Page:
Four days later, the Alaska governor returned to her home state after conceding defeat with Sen. John McCain. But enthusiasm for the Republican was still fresh: Scores of supporters greeted Palin at the Anchorage airport with chants of "2012!" When reporters on the icy tarmac asked the governor if she would consider a run for the presidency in four years, Palin demurred: "We'll see what happens then."

Darrell Ellison already hopes Palin will run: "I'd love to see her in the White House." The factory worker from Raleigh said he didn't plan to vote for McCain until he put Palin on the ticket. "She's real, and she's a conservative," Ellison said at the North Carolina rally. "She's Ronald Reagan and Margaret Thatcher combined."

Women supporting Palin expressed a personal affinity with the governor: Lulane Chasteen, a special-needs teacher from Raleigh, said: "She says the things I want to say." Joann Landry, a native Alaskan, said: "When people see Sarah, they understand me." Sharon Bogler, a mother of two from Concord, N.C., wore a "Palin-Rice: 2012" T-shirt and said: "She's every woman who has a job and kids and manages a budget. Every woman here is Sarah Palin. I'm Sarah Palin."

That kind of enthusiasm met Palin at other events, despite downplayed media coverage: At Elon University near Greensboro, N.C., local police estimated Palin drew a crowd of 15,000. The local paper reported 2,000 at the event. On a trip to The Villages, a retirement community north of Orlando, Fox News reported Palin drew 60,000 people, but the event garnered scant national attention.

At the Raleigh event, fire marshals estimated the crowd at 7,000, with thousands left waiting outside when the Exposition Center was full. The local paper reported 5,000 at the event, and didn't mention the snaking line outside after the doors closed.

While media outlets alternately ignored and scorned Palin, some conservatives derided the governor as well: Conservative columnists for National Review, The New York Times, The Wall Street Journal and The Washington Post questioned McCain's judgment in picking Palin. CNN reported that McCain campaign aides anonymously complained about Palin as well.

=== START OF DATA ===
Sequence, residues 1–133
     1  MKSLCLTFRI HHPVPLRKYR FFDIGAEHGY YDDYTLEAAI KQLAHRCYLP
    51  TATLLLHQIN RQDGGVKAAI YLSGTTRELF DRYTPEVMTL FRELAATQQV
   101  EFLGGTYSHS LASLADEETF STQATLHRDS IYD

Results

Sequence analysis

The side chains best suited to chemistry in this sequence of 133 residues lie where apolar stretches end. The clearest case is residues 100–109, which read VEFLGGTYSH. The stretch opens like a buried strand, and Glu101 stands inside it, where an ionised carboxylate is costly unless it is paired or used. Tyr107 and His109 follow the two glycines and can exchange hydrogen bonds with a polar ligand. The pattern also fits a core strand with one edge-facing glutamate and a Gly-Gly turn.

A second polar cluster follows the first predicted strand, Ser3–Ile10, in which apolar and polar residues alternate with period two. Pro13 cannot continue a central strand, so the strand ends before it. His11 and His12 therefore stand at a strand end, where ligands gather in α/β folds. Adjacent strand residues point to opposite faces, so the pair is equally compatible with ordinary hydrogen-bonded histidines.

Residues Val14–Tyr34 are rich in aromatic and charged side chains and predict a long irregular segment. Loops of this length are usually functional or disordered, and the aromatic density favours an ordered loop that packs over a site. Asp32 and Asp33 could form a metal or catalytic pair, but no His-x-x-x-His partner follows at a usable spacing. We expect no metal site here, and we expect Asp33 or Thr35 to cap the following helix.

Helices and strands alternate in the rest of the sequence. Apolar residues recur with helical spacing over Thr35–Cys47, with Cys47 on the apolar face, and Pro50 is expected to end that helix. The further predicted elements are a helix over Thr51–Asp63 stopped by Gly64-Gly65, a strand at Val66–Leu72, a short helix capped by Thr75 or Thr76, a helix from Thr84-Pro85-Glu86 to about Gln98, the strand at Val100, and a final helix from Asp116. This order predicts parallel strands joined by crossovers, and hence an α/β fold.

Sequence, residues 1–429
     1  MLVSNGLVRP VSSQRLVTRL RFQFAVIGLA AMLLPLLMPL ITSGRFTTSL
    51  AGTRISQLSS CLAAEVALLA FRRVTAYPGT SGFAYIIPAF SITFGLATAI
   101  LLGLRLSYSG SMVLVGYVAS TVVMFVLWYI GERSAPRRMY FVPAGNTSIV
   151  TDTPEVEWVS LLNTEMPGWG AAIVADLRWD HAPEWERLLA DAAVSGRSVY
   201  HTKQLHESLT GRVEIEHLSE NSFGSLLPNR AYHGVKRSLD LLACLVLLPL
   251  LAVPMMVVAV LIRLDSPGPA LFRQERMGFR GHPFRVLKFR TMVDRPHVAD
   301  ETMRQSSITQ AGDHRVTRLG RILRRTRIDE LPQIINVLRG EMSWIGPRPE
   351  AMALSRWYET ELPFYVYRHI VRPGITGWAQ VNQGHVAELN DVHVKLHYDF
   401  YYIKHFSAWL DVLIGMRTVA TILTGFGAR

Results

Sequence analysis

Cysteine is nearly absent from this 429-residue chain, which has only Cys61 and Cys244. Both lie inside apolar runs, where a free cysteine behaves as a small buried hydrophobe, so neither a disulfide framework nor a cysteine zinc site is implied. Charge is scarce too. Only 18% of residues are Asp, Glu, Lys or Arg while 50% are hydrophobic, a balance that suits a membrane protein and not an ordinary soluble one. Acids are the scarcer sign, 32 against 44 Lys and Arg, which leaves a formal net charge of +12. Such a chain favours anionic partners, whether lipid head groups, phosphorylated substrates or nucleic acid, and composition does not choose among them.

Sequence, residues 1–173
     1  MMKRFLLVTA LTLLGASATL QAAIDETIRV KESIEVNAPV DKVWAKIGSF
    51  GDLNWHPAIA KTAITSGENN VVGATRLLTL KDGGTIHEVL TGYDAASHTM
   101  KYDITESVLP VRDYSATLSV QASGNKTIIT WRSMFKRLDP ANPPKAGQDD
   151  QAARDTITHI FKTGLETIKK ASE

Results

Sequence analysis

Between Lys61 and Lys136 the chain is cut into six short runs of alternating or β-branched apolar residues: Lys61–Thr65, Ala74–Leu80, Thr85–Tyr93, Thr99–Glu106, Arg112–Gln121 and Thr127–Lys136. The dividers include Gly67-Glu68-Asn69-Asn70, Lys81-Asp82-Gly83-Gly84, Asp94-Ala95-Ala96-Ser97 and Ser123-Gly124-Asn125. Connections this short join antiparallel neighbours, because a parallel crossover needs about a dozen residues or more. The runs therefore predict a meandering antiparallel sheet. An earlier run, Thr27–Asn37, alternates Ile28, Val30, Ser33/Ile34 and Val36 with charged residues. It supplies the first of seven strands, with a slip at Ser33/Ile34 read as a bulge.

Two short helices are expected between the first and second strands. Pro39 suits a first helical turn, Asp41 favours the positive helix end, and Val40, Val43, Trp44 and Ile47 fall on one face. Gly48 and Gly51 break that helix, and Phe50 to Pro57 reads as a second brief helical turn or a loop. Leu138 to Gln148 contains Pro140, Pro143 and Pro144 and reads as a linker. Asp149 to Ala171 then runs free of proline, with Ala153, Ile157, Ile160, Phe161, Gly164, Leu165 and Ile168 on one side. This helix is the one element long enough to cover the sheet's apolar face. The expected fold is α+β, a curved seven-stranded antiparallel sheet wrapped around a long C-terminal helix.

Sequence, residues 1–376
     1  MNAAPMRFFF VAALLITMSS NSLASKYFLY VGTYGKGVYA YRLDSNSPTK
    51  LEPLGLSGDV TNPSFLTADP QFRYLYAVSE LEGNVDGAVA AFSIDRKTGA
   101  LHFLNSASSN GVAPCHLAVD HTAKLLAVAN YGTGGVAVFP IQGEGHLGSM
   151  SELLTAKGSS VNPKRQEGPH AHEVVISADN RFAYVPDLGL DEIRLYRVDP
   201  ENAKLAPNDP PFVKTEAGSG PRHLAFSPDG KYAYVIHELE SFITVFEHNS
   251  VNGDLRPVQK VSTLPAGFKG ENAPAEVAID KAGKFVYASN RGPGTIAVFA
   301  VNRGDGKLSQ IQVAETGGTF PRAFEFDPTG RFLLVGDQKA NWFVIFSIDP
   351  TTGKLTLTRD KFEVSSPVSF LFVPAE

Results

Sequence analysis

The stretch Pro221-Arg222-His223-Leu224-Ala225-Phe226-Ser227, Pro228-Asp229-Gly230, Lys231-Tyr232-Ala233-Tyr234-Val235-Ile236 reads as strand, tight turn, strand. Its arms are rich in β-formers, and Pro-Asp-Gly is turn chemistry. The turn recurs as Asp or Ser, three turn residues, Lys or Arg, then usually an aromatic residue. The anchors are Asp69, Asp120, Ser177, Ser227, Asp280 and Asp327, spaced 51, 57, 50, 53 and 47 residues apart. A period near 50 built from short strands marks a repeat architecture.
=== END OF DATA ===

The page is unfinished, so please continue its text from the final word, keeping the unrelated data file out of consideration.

The coverage frustrated Landry, the native Alaskan at the North Carolina rally. Landry blasted the media, but also criticized the McCain campaign for not using Palin more aggressively to attract conservative crowds hungry for her blue-collar message of lower taxes and smaller government.

It's that message-combined with social conservatism-that may make Palin a player in the GOP future, according to Bill Whalen at the Hoover Institution. "Conservatives are looking for Mr. Right," Whalen told the Associated Press. "And maybe Mr. Right turns out to be Ms. Right."

Dave Woodard, a GOP analyst and political science professor at Clemson University, told WORLD that Palin would need to cultivate a deeper understanding of a broader range of policy issues to mount a serious bid for the top spot on the ticket in 2012. And she must find a way to reach moderates and independents that helped sway the election for Obama.

Pollster Frank Luntz agreed, telling The Wall Street Journal: "She's a star among conservatives, but the crucial independent voter has a different perspective, and the lesson for the GOP is if you lose the center, you lose America."

Either way, Joseph Matthews, a UPS worker from Cary, N.C., said he's already sold on Palin. When asked about the governor's political future, a wide grin spread across his bearded face: "I'd vote for her for president."

Jamie Dean
Jamie Dean

Jamie lives and works in North Carolina, where she covers the national political beat and other topics as news editor for WORLD.